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Missouri High School Student Tearfully Addresses School Board After Racial Incidents

November 20, 2016 at 12:00 pm | Women

Charles Gichane

Charles Gichane

November 20, 2016 at 12:00 pm | Women

An emotional Tajah Walker addresses a high school board in St Louis, Missouri following racist attacks by her White classmates. Photo Credit St Louis Post-Dispatch.jpg

African-American students at Ladue Horton Watkins High School in St. Louis, Missouri, say they’ve had enough of being continuously discriminated against by their White classmates. According to the St. Louis Post-Dispatch, the students have been receiving racist comments and treatment, which they say has had a negative psychological impact.

Fifteen-year-old Tajah Walker, an African-American sophomore student at the high school says her and her mom have received racist comments, such as, “Are you ready to get back on the boat now that [Donald] Trump is president?”

This is not the first time such an incidents have taken place. Walker and other African-American students at the school claim that they were recently told to “sit at the back of the school bus” by two of their White classmates, who started chanting, “Trump, Trump, Trump.”

According to the St. Louis Post-Dispatch, the accused students, who remain anonymous due to U.S. federal privacy laws, were disciplined on Monday.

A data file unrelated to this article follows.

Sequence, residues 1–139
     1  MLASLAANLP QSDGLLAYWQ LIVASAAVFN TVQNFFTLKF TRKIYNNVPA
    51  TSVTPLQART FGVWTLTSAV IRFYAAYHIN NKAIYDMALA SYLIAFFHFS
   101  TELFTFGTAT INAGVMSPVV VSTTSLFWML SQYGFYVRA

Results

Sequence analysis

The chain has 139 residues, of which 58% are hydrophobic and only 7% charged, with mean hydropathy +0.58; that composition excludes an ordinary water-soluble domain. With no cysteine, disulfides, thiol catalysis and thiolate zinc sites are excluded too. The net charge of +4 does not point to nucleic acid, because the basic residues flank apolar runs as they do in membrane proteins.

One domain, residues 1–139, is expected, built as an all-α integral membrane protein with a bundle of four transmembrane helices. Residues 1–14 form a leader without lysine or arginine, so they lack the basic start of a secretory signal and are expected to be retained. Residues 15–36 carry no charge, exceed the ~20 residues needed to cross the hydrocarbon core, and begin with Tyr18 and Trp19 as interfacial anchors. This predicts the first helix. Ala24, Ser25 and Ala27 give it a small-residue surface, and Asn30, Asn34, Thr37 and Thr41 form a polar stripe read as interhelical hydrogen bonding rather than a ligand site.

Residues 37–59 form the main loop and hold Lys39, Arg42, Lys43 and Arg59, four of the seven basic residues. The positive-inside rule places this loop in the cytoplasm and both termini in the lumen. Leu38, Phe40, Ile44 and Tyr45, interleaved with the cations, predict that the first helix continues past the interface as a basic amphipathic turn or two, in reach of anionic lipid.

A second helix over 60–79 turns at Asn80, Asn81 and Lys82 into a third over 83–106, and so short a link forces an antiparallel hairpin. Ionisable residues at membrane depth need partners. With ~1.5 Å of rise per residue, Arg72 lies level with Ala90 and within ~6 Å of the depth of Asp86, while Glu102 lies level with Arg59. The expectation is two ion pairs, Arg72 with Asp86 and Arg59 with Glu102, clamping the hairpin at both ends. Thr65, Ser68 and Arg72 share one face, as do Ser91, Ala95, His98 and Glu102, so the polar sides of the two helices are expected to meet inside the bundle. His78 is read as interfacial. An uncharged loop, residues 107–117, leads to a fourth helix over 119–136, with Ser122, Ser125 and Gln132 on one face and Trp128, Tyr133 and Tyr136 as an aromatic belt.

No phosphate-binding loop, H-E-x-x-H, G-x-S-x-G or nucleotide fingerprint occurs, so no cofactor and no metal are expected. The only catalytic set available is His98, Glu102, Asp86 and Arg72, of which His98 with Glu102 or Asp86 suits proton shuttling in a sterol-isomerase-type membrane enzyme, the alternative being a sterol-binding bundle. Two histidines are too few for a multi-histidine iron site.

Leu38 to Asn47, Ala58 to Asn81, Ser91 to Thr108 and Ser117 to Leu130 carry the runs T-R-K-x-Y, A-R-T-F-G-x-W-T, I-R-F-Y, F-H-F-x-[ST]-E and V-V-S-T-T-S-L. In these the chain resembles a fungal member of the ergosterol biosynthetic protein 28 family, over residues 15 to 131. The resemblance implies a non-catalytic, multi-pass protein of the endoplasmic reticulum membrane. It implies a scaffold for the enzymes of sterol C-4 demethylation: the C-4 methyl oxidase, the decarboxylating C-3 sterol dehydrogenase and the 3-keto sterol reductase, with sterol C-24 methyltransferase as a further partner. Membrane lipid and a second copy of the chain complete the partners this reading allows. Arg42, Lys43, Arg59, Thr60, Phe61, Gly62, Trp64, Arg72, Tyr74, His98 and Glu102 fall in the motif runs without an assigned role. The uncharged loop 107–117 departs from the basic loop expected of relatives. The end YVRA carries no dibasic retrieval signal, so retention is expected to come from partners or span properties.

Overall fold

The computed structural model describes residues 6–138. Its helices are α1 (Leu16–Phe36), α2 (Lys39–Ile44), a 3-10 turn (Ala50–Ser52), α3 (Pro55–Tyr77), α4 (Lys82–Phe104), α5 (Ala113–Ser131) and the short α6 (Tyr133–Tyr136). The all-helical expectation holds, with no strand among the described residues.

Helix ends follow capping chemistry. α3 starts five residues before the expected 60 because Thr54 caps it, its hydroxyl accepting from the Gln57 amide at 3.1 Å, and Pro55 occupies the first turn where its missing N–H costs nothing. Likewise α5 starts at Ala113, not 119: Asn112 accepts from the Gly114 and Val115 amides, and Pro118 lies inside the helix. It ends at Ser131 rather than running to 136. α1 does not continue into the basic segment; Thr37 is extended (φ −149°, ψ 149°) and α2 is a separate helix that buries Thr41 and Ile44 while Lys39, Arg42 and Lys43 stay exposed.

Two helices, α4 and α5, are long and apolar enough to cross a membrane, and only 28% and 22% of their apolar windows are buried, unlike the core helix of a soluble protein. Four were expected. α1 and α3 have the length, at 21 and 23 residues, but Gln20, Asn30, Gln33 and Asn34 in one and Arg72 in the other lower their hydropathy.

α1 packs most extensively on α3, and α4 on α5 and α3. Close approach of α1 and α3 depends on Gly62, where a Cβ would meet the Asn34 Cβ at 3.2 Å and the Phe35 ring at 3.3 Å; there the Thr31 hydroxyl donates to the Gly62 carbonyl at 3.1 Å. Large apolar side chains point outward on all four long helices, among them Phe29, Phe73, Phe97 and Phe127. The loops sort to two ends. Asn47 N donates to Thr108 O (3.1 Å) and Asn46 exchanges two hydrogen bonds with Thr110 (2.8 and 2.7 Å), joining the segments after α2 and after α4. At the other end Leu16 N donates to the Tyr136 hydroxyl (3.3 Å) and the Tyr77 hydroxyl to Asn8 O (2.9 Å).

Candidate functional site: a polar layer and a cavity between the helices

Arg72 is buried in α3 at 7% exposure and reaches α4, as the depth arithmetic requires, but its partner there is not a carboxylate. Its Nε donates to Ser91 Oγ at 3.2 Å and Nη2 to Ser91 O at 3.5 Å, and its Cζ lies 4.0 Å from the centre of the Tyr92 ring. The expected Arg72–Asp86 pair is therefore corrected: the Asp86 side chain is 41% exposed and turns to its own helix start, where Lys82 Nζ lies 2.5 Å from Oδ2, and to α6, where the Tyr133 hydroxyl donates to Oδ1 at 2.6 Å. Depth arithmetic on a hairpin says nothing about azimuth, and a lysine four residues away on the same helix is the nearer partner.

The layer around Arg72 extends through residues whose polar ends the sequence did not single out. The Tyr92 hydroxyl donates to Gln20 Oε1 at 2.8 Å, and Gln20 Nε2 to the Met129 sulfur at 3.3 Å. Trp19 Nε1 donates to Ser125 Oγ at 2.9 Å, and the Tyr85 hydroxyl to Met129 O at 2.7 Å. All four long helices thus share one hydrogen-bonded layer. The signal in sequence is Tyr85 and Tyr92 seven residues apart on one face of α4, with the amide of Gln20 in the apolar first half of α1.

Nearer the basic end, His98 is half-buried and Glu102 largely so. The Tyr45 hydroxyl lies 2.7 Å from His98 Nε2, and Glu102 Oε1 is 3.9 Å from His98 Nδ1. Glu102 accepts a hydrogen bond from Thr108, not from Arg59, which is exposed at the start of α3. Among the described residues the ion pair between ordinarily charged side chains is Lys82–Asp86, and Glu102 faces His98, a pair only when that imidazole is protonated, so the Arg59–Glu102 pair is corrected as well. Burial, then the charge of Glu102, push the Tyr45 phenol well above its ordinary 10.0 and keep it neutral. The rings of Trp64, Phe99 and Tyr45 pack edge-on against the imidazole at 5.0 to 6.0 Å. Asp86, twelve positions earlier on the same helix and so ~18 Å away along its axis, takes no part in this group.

The experiences have left a psychological scar on Walker, who now says she fears going back to school.

Her courage to speak out has encouraged other African-American students and parents at the school to come forward about their own discrimination experiences.

For instance, Lynette Ursery Hamilton, a mother to an African-American sophomore student at the school took to her Facebook page on Tuesday to explain how she sought medical attention for her son after his White classmate burned him with a hot glue gun.

Plans Moving Forward

Officials at the school say they were planning to hold a number of tolerance initiatives before the bus incident.

According to the Ladue School District, diversity and equity training was held for staff and a student play and a discussion about race is scheduled for next week. The district has also pledged to end out-of-school suspensions for preschoolers through third-graders, which disproportionately affect students of color.

During Tuesday’s board meeting, Ladue Horton Watkins High School Principal, Brad Griffith, said, “Regardless of your political ideology, we embrace one another’s race and ethnicity. The issues of race, class, and ethnicity are the issues that have the potential to tear us apart.”

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